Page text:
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I was reading an article on Water Jug Problem. The problem is -You are given a m litre jug and a n litre jug where 0 < m < n. Both the jugs are initially empty. The jugs don’t have markings to allow measuring smaller quantities. You have to use the jugs to measure d litres of water where d < n.

I solved the problem using recursion that at every time I can do some possible number of operations, I try to perform all those operations and if I reach to some previous state, then I return from it. The time complexity of this solution is O(m*n).

Now, the method in the article says that the problem can be modeled by means of Diophantine equation of the form mx + ny = d which is solvable if and only if gcd(m, n) divides d. Also, the solution x,y for which equation is satisfied can be given using the Extended Euclid algorithm for GCD.

Then, we apply the following algorithm to find the solution-

  1. Fill the m litre jug and empty it into n litre jug.
  2. Whenever the m litre jug becomes empty fill it.
  3. Whenever the n litre jug becomes full empty it.
  4. Repeat steps 1,2,3 till either n litre jug or the m litre jug contains d litres of water.

So, What is the intuition behind these 4 steps, that when they are done in this order they will always give the right answer?

Moreover, we are not using x and y that we found using the extended euclidean, then why are we finding them?

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The numbers $x$ and $y$ will turn up in the algorithm as the number of times you fill and empty the two jugs. You don't need to know them if you can tell when you have $d$ liters of water in one of the jugs.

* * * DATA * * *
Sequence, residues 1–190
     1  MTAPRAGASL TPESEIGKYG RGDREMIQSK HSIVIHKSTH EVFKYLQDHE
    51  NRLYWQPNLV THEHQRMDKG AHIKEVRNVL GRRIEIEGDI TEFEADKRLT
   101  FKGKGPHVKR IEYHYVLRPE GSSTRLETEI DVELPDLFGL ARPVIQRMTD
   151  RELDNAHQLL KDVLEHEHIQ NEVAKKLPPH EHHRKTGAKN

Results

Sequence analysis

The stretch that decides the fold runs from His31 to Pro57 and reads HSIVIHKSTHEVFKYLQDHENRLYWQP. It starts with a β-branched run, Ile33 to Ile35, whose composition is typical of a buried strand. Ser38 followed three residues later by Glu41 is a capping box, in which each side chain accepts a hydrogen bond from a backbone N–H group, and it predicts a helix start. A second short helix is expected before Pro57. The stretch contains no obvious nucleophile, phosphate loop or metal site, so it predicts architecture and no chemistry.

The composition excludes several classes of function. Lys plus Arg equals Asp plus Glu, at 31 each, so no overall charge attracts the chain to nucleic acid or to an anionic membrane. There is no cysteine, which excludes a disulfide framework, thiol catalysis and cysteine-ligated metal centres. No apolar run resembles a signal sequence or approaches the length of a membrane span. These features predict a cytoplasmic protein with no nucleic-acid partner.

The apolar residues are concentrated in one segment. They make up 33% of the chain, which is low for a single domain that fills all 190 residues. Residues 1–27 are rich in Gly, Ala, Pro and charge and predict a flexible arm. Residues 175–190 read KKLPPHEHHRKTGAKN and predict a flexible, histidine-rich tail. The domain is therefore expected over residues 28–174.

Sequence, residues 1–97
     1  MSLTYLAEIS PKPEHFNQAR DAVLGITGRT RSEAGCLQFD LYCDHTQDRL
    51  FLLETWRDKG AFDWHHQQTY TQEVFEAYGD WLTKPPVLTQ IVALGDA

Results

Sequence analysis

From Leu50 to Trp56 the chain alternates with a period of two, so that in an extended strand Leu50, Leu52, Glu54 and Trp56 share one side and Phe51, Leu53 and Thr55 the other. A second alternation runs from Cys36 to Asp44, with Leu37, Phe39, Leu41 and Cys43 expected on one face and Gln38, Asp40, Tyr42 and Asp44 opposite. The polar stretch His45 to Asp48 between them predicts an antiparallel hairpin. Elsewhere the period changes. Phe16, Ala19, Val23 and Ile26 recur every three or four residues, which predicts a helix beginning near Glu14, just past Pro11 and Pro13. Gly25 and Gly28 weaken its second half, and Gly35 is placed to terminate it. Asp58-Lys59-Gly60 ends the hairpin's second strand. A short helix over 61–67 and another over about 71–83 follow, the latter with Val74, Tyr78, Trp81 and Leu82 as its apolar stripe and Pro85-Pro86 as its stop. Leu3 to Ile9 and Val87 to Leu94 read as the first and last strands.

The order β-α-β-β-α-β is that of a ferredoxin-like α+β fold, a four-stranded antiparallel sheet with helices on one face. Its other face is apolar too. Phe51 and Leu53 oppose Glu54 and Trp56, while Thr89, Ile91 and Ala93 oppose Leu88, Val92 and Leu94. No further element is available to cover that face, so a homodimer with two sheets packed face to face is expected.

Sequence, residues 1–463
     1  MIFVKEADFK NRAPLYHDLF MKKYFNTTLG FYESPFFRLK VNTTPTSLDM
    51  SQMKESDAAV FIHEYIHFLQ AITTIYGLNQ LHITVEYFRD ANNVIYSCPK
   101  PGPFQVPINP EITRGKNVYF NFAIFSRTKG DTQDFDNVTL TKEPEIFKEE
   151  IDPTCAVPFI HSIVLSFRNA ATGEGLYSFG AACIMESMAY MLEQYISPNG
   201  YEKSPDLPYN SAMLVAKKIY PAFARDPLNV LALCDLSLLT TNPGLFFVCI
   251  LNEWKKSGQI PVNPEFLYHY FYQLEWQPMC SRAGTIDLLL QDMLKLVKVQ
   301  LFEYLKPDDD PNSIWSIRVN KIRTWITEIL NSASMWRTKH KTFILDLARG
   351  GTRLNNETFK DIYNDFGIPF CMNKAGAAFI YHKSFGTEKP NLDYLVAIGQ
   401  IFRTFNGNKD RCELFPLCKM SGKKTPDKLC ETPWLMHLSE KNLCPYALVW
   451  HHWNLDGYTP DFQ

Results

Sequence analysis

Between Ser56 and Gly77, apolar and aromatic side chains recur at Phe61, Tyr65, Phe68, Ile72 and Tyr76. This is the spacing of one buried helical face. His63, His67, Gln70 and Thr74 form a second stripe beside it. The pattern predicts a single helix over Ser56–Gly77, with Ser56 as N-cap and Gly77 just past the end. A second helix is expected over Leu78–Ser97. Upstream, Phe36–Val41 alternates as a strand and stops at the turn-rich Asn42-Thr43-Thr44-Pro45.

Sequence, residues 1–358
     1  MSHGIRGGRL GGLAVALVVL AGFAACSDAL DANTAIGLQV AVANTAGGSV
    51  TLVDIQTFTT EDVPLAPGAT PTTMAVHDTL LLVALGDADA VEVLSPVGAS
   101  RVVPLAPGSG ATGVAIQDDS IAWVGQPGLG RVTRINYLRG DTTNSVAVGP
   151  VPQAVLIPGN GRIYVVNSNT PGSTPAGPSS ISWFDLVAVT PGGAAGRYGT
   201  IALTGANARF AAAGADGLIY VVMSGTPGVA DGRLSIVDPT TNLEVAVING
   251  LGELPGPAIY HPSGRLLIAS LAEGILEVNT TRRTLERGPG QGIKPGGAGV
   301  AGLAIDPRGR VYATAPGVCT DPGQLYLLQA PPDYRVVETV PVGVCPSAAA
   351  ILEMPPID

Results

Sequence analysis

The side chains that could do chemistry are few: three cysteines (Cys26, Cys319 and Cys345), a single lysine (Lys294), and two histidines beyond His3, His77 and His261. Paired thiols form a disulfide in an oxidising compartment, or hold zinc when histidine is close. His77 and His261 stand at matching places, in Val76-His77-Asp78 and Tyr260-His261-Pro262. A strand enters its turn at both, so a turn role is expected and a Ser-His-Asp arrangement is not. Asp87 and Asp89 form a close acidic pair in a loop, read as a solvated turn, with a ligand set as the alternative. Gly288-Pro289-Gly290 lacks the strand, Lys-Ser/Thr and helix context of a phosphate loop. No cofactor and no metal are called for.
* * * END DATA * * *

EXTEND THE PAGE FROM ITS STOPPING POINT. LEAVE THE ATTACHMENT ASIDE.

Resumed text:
But if you can't tell when you have $d$ liters (since the jugs have no markings), you'll need to count the fillings and emptyings. You'll fill the size $m$ container $x$ times. You'll empty the size $n$ container $-y$ times ($y$ will be negative, so $-y$ is positive and suitable for counting). Once you've done the respective operations the right number of times, you'll have $d$ liters of water left.

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  • $\begingroup$ Oh right..!! Is there any way I can count number of operations needed directly from the values of x and y, since I know how many times I have to fill and empty a jug? $\endgroup$ – shiwang Jun 15 '18 at 17:56
  • $\begingroup$ And what is the intuition behind these 4 steps? $\endgroup$ – shiwang Jun 15 '18 at 17:59
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    $\begingroup$ I'm not sure what you mean by "operations"? If you want to count the number of fill and empty operations, you'll get $x - y$, but if you want to count the pours between too, you'd need to add some extra amount. Maybe double, since each fill of $m$ includes a pour, and each empty of $n$ interrupts a pour and splits it into two? As for the intuition, the algorithm keeps an amount of water equal to $m k \mod n$ as $k$ increases from zero to $x$. At the end, you have $m x \mod n$ water, which is equal to $d$. $\endgroup$ – Blckknght Jun 15 '18 at 18:25

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